Today's St. Louis Post-Dispatch publishes the editorial, "Lies and secrets in administering the ultimate punishment." It's a must-read.
Thanks to diligent reporting by Chris McDaniel of St. Louis Public Radio, we now know that Missouri uses two drugs in its “single-drug” execution process. Inmates get an intravenous dosage of the sedative midazolam after they’re taken to the death chamber at the Bonne Terre prison. They usually get the sedative a half-hour or so before the execution time at 12:01 a.m. on the date specified by the Supreme Court.
Two questions then: Does this mean Missouri is jump-starting its executions before the time set by the court? And why did Corrections Director George Lombardi specifically deny in February that midazolam is used as part of the execution process?
Either Mr. Lombardi didn’t know what midazolam was or he lied about it. Either way it doesn’t offer much confidence in the man charged with making sure that the ultimate punishment is administered according to law. Sadly, it’s part of a pattern at the Department of Corrections.
In part because of all the challenges made under the Ringo lawsuit, the state has become very furtive in the way it executes people — and the way it intends to execute Earl Ringo.
"'Thorough justice' in execution process," is an OpEd by Joan Bray, also in today's Post-Dispatch. Bray is a former member of the Missouri Legislature. Here's the beginning:
Speaking in the aftermath of events in Ferguson, Gov. Jay Nixon stated: “To get justice it has to be transparent justice, it has to be thorough justice.”
He was right. His assertion should apply in all cases, including, maybe even especially, in the administration of the death penalty.
Missourians, as well as the men to be executed and their families, have an absolute right to know the truth about the execution process. Instead, Missouri’s Department of Corrections has misled the public and obstructed access to the truth. Appointed by the governor and represented by the attorney general, these public officials must be held accountable for transparent, thorough justice.
The Springfield News-Leader publishes, "Racial bias influences Missouri executions," by Cheryl Clay. She is the President of the Springfield NAACP chapter.
For the past few weeks, citizens of the world have been questioning the equality of the criminal justice system in Ferguson. And yet, very few seem to be asking if racial bias affects how the most drastic, irreversible act of the law – executions – are carried out in Missouri, the state ranked fifth in executions since they were reinstated in1976.
On September 10, Earl Ringo is scheduled to be the fourth black man executed in Missouri this year. Mr. Ringo was sentenced to death as a result the robbery of a restaurant after-hours that resulted in the deaths of two employees. The one African-American from the Cape Girardeau county jury pool who was actually questioned about her qualifications to serve on Mr. Ringo's jury was struck for cause at the request of the Prosecuting Attorney and under dubious circumstances. Mr. Ringo was thus tried by an all-white jury in front of a white judge by a white Prosecuting Attorney. Both of the people who died on the night of the offenses were white.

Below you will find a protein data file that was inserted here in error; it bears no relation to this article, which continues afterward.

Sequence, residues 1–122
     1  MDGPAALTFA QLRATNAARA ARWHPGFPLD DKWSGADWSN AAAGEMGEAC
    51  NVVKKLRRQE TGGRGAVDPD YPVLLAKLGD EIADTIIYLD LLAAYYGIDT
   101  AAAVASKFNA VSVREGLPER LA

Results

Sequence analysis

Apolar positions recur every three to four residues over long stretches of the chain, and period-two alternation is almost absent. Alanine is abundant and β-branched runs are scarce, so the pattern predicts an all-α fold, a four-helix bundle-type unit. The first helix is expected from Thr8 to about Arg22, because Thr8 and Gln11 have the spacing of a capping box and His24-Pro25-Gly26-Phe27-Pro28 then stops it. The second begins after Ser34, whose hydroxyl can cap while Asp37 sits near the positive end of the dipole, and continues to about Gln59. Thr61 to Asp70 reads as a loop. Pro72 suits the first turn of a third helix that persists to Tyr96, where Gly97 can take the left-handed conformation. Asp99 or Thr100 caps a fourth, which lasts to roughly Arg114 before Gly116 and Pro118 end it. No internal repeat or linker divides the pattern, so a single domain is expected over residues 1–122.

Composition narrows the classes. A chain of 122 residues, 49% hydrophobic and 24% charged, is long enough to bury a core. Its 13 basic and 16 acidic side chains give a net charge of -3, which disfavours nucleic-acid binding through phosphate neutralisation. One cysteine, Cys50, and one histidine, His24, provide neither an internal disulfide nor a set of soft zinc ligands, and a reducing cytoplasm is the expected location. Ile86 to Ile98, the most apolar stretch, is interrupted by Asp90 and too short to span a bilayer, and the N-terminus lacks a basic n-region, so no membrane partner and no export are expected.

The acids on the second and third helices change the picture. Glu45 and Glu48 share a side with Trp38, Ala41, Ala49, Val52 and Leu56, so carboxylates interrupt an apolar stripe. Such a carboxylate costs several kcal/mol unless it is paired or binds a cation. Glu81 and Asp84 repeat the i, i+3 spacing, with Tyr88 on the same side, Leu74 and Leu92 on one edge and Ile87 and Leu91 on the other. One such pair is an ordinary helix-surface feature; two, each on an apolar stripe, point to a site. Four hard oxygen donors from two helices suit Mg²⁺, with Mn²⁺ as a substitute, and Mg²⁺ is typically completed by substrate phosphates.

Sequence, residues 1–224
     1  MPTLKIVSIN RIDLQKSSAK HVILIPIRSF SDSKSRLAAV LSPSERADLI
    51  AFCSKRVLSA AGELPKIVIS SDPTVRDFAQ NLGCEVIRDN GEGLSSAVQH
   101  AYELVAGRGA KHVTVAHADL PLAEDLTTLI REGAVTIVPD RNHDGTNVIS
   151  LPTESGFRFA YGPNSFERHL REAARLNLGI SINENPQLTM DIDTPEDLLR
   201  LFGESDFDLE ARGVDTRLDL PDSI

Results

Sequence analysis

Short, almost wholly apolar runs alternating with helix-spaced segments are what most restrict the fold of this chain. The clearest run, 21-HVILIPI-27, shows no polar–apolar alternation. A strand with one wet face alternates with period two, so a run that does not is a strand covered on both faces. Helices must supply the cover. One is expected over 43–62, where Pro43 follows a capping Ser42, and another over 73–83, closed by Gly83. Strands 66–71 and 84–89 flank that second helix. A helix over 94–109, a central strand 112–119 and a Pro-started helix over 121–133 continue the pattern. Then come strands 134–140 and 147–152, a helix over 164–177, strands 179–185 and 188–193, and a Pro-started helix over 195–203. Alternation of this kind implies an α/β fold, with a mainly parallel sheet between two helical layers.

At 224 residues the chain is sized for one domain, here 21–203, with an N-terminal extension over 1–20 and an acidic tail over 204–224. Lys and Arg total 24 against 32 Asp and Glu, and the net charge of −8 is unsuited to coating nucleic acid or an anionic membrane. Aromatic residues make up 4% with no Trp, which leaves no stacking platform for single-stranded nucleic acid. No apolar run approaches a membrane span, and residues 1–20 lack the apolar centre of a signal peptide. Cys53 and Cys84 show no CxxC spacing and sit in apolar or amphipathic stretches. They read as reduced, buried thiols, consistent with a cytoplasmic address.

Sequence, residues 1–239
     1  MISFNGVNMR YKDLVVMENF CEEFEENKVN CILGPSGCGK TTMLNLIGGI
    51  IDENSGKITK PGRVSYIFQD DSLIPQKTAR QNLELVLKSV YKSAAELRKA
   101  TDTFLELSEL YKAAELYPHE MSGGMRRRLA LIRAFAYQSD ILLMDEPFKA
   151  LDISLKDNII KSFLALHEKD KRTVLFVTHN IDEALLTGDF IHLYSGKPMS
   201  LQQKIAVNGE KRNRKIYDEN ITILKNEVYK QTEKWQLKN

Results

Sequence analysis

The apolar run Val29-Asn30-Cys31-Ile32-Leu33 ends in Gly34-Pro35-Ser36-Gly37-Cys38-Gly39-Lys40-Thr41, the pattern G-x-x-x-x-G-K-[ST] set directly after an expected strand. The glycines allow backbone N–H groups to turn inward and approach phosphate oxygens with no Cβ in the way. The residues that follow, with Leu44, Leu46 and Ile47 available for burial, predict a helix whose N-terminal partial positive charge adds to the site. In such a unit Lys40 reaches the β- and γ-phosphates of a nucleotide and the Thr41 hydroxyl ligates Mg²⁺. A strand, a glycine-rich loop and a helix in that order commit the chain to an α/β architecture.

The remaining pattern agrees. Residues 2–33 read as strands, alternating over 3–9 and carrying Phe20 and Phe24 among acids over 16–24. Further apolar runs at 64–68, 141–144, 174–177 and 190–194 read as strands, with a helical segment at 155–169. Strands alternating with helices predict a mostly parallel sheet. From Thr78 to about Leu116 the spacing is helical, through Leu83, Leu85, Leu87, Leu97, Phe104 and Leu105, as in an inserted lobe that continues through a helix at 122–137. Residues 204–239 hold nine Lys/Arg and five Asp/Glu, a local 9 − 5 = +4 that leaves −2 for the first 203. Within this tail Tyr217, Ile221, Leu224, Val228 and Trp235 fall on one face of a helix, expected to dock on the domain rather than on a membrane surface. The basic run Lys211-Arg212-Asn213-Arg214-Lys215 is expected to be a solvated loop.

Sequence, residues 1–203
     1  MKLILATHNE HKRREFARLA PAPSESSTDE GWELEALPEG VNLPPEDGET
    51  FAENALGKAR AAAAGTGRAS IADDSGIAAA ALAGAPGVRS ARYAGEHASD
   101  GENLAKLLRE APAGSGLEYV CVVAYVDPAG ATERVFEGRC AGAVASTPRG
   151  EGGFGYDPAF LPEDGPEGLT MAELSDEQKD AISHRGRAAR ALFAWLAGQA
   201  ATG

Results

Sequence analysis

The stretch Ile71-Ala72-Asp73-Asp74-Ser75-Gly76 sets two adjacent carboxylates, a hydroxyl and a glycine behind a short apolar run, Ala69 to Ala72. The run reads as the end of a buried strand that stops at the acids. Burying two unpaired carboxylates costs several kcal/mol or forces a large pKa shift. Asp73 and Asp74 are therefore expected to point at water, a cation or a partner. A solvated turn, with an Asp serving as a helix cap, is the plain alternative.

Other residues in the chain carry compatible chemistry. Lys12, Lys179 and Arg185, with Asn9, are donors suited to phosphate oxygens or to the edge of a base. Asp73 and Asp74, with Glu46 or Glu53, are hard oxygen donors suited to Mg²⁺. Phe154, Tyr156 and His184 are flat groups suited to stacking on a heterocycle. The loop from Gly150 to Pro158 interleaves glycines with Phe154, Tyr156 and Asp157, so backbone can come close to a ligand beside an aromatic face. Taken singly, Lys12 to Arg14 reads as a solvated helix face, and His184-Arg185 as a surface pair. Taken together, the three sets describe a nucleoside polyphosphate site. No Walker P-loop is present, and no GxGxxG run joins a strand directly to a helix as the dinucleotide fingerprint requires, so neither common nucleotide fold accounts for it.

The handing down of the death penalty in America is clearly affected by the color the defendant's skin. African Americans have always been, and continue to be, disproportionately put to death at the hands of the American "justice" system. Currently African Americans account for 42% of the nation's death row population, even though they make up only 13% of the nation's civilian population.
"Missouri, Texas plan executions Wednesday,"is by Jim Salter and Michael Graczyk of Associated Press. It's also available from USA Today.
Two of the nation's most active death penalty states are planning executions Wednesday, even as attorneys for the condemned men try to save them.
Earl Ringo Jr. is scheduled to die at 12:01 a.m. for killing two people during a robbery at a Columbia, Missouri, restaurant in 1998. Hours later, Texas plans to execute Willie Trottie for fatally shooting his common-law wife and her brother in Houston in 1993.
The executions would be the eighth this year in both states. Florida also has performed seven executions in 2014. All other states have a combined six executions.
"Missouri Fights Lethal Injection Suit on Eve of Earl Ringo Execution," is by Tracy Connor of NBC News.
While Texas remains the leading capital-punishment state in America — 16 murderers were put to death in the state last year — Missouri could break its own state record for executions by January. If his appeals fail, Ringo will be the eighth prisoner to enter the death chamber in 2014, the most in 15 years.
State officials have shown no inclination to slow the pace. In fact, Attorney General Chris Koster suggested this year that the prison system should make its own lethal injections so it doesn't have to rely on suppliers that demand anonymity.
Ringo is a plaintiff in the suit the Eighth Circuit will hear en banc, meaning all the judges will weigh in as opposed to a select few. His lawyer said it was not clear if that would help him win a temporary reprieve, noting that courts have declined to issue 11th hour delays for most other inmates involved in the case.